On the specification and interpretation of economic demand models for outdoor recreation Public Deposited

http://ir.library.oregonstate.edu/concern/graduate_thesis_or_dissertations/j6731588f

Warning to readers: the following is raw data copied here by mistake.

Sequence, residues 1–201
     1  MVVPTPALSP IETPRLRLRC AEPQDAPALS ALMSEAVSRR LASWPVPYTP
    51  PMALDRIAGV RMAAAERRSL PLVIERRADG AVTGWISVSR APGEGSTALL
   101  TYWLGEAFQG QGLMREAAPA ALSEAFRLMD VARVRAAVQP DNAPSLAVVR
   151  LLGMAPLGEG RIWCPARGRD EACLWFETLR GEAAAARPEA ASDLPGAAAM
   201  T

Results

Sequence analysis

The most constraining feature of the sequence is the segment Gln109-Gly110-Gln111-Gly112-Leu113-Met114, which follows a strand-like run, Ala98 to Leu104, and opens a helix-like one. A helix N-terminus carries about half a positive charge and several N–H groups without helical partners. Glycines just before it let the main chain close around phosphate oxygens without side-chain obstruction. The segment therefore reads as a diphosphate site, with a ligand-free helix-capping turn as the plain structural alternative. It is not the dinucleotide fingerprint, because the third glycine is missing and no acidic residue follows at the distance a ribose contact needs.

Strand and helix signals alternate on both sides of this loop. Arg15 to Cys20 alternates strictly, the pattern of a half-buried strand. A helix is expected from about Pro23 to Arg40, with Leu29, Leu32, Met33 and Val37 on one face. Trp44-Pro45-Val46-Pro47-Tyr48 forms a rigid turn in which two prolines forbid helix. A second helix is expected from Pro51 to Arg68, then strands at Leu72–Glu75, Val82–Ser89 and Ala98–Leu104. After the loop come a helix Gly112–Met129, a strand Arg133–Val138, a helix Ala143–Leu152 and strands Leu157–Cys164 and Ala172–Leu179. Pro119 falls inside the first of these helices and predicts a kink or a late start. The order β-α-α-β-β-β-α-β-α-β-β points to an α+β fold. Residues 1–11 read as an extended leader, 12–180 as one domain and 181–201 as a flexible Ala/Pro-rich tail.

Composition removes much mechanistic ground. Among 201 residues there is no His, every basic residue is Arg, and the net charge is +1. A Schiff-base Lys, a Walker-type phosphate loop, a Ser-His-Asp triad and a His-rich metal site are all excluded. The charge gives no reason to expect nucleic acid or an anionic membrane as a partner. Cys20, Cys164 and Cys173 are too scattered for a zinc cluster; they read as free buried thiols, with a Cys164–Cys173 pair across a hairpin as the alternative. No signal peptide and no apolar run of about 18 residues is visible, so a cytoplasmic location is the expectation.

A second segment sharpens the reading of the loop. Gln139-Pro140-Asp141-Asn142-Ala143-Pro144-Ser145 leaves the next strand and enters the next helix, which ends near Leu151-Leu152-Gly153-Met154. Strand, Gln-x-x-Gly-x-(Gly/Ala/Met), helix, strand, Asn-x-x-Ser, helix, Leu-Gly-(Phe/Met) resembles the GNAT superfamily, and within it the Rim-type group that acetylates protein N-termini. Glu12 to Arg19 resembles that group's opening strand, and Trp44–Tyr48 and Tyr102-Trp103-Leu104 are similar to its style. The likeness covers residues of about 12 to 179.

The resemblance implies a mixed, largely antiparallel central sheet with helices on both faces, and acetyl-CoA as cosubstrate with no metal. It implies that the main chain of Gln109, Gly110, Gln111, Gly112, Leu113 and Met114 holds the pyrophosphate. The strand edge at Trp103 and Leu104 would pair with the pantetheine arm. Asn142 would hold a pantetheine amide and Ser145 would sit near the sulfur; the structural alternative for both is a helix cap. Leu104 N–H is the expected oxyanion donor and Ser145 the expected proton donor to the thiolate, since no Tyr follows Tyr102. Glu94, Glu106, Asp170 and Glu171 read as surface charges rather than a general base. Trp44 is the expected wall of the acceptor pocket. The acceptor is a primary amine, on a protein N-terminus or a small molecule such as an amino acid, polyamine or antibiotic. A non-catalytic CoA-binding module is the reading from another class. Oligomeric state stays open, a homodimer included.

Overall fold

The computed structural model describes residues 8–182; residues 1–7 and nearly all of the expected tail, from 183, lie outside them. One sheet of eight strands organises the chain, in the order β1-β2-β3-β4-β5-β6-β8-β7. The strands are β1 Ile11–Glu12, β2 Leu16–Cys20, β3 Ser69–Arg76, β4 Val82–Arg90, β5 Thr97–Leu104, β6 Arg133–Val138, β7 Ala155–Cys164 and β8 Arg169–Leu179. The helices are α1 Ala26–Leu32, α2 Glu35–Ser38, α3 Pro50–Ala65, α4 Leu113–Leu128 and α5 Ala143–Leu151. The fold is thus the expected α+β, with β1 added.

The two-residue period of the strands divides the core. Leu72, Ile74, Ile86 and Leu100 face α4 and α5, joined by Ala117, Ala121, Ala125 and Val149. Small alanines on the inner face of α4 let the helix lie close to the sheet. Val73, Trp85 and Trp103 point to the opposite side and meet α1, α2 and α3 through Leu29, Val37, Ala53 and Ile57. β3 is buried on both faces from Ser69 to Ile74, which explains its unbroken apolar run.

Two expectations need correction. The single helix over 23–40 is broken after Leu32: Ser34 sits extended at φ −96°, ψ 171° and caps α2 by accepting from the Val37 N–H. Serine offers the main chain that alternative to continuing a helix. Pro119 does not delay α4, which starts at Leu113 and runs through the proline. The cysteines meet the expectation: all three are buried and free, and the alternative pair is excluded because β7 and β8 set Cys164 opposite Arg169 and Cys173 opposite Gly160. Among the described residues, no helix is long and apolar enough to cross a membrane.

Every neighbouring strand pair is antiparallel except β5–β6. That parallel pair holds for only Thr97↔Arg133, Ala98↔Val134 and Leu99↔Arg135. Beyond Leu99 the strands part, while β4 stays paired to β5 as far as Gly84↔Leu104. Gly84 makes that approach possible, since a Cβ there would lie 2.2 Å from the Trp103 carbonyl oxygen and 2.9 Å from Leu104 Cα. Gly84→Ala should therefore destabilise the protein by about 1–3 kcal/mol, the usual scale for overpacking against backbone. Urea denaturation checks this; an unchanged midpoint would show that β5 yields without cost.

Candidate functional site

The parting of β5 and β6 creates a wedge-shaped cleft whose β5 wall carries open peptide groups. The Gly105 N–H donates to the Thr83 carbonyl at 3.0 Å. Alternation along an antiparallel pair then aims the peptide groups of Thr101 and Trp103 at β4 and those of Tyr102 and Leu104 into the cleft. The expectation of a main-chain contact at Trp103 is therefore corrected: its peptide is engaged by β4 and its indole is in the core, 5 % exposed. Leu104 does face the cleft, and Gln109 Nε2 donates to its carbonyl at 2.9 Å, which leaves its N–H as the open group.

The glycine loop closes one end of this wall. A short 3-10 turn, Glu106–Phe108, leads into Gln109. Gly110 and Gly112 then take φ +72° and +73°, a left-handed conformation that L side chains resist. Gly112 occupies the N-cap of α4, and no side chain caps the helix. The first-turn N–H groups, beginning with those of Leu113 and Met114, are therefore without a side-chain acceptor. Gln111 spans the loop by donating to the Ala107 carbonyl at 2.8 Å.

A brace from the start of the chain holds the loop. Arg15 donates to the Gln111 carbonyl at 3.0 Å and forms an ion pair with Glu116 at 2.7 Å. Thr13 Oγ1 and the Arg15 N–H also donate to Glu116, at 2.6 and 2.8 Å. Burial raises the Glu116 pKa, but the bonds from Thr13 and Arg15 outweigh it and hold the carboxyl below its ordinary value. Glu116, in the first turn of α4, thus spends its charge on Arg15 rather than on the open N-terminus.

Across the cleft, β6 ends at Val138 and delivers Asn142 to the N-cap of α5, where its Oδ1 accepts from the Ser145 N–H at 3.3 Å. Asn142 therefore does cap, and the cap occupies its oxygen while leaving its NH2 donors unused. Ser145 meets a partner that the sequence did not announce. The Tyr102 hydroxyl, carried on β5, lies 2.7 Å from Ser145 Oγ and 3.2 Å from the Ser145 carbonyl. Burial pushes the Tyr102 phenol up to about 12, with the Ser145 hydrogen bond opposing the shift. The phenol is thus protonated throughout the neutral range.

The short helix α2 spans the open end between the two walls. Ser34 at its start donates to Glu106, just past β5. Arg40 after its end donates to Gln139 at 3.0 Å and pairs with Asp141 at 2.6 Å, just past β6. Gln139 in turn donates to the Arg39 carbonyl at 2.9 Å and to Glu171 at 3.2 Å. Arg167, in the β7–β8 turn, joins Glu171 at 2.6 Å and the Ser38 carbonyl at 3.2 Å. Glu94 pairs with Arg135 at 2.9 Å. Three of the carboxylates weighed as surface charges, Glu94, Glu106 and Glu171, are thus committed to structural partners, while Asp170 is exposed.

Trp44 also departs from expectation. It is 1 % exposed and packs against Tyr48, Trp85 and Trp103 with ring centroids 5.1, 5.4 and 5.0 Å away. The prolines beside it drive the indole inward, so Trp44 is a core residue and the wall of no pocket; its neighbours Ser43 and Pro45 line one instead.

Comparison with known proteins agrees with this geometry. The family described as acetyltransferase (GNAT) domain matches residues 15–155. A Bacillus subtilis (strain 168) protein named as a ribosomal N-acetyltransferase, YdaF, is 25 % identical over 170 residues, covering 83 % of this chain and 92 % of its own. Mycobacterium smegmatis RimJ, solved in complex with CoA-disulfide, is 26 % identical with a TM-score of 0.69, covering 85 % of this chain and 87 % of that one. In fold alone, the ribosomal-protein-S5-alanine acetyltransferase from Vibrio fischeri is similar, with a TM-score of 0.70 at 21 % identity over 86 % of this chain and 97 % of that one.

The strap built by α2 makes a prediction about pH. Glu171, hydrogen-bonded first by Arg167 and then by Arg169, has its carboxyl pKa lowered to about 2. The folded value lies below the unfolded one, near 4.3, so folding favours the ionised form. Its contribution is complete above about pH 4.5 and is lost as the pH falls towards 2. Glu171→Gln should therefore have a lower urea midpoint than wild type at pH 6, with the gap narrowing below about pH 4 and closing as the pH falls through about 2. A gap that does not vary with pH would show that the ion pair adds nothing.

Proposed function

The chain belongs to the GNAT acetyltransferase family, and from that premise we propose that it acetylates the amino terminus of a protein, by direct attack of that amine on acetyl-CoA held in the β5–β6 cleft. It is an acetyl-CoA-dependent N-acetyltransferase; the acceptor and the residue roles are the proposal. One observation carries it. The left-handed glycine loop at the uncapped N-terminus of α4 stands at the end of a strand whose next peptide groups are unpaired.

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  • The most common method of estimating the economic demand for and value of recreational resources is the Hotelling-Clawson approach. This methodology developed as an empirical technique and was never adequately founded upon a conceptual analysis of the decision to recreate. In response to this lack of a theoretical foundation alternative methodologies have been proposed by Gibbs and Edwards and by Pearse that are based upon explicit and remarkably similar conceptual models of the individual recreationist’s decision to recreate. This thesis explores further the conceptual and emotional issues raised by these alternative methodologies. Following Gibbs and Edwards, and Pearse, it is argued that the length of ay at the site will be determined by the marginal cost of a recreation-day, i.e. on-site costs per day and that travel cost will determine whether or not the trip to the site is taken. But whereas Gibbs and Edwards, and Pearse, do not attempt to explore what determines the marginal cost of a recreation day, it is argued in this thesis that the marginal cost of a recreation-day is a matter of choice. Specifically, the marginal cost of a recreation-day is shown to be dependent upon the allocation of recreation time between consumption time and leisure time. As incomes rise a substitution of consumption time for leisure time takes place and causes the marqinal cost of a recreation-day to rise. Since the marginal cost of a recreation-day is endogenous to income the Gibbs-Edwards approach is misspecified. The Pearse approach is not affected in this respect since it is constructed to allow the marginal cost of a recreation-day to vary according to income class.
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